Live Discussion about the challenges the rare Italian Gray wolf faces…

Salvatore, on the left, is a tour guide and the founder of inviaggioconl’obiettivo, the page which is hosting this on-line event, Antonio is a naturalist photographer and wolves expert, Carmen, on the right is an expert dog trainer.

The following is a brief summary by Brunella Pernigotti

At the live Facebook event of tonight, Antonio Iannibelli (wolf expert, naturalist photographer and founder of the www.antonioiannibelli.it website together with Carmen Petrulli (dog instructor), have been invited by Salvatore Di Stefano (environmental hiking guide and founder of the page inviaggioconlobiettivo.it ), to speak about “Dogs and wolves: differences and similarities”.

Summarizing very briefly, during the meeting, after a brief introduction relating to the millennial history that binds the wolf to the domestic dog, the speakers replied to the numerous questions of the public who assisted. People were curious to know and to have scientific information on the differences between dogs and wolves. Morphological differences, for example dentition; behavioral, for example the way they attack their preys; managerial, for example the legal differences in Italy in the management of stray dogs, of wolves and even of hybrids that can derive from crossbreeds between abandoned domestic dogs and wandering wolves. In Italy breeding hybrids is against the law but there are no rules to follow if a wild hybrid is identified and recognized as such thanks to its DNA.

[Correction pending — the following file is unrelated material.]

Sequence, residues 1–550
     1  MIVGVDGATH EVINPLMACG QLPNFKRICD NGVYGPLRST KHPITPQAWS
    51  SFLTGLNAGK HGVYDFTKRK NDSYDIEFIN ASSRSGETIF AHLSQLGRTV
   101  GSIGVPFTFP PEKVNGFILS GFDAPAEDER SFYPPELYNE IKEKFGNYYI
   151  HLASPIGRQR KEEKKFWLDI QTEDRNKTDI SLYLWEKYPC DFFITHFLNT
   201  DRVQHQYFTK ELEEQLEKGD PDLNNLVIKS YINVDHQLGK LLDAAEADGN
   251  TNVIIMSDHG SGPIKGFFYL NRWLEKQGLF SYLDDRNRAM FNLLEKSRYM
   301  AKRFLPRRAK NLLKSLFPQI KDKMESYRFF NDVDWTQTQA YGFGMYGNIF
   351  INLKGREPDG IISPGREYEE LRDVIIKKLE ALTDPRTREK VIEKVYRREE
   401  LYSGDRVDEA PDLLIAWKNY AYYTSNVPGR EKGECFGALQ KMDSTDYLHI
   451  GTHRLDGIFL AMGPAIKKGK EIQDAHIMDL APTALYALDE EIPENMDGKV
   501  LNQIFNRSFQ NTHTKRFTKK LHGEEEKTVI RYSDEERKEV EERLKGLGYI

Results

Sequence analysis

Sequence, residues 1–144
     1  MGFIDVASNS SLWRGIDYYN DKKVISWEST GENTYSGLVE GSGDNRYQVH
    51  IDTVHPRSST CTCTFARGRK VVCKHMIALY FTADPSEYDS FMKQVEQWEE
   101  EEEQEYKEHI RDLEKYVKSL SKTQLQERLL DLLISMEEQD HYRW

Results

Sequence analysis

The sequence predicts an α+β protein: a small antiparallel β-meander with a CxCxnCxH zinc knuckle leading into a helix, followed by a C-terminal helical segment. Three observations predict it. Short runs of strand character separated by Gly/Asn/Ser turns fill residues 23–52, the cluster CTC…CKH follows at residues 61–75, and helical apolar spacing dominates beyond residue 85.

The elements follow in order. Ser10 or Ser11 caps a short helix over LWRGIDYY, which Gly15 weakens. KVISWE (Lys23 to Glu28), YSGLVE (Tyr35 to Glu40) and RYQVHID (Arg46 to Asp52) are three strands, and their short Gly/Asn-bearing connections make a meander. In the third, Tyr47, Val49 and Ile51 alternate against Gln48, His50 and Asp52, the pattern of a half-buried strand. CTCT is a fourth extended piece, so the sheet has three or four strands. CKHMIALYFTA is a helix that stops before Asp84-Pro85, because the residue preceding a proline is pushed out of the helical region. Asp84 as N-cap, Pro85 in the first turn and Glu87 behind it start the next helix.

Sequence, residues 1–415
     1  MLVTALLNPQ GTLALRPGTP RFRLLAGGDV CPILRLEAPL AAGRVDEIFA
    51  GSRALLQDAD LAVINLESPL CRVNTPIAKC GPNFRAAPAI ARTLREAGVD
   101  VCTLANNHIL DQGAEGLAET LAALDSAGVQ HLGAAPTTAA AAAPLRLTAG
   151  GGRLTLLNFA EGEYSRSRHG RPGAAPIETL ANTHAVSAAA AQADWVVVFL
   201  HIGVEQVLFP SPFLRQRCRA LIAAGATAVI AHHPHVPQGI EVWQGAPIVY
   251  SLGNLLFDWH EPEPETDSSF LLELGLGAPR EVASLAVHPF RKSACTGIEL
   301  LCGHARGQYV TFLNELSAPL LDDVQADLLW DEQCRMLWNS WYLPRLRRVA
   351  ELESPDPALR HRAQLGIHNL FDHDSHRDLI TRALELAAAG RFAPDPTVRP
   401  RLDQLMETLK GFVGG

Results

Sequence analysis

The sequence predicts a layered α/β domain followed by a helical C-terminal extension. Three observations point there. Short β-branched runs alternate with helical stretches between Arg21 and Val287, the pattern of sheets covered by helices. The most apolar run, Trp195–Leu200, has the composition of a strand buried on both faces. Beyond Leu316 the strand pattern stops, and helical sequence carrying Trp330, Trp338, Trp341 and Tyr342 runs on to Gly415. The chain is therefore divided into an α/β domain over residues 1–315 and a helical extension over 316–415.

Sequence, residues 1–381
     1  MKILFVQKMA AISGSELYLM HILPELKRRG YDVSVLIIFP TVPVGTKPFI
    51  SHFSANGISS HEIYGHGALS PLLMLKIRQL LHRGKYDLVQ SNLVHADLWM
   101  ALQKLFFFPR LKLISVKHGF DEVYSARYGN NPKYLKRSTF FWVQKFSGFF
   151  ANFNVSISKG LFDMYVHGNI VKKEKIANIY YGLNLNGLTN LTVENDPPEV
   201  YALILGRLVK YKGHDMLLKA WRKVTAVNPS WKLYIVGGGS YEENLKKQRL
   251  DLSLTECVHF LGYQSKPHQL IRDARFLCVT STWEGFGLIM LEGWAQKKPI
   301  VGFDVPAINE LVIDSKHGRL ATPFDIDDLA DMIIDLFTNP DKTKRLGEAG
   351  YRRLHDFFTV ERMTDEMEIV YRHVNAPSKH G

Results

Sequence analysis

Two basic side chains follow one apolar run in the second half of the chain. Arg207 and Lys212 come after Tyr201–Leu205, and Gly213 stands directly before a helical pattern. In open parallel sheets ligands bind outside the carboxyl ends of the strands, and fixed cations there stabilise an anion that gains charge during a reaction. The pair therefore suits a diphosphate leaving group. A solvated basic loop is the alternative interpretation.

The conclusion we all reached is that Canis Lupus Italicus is a very rare and precious subspecies of Canis Lupus and that it must be protected in its purity for the sake of biodiversity and also for the sake of our pets that must not be left free to wander unchecked in the countryside.

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Rachel Tilseth

Rachel Tilseth iIn 2011 I went from tracking the wolf to advocating for them and found myself within an advocacy network that went against my values. I am tenacious by nature, and passionate about the grey wolves I got to know through tracking them. But I found myself within a system of wolf-advocacy that wasnt for me. I am am artist and writer first and foremost. Tilseth has been a Wisconsin Department of Natural Resources Volunteer Winter Wolf Tracker since the year 2000. Tilseth received a Bachelor of Science Degree in Art Education in 1992 from UW-Stout, graduating with cum laude honors.

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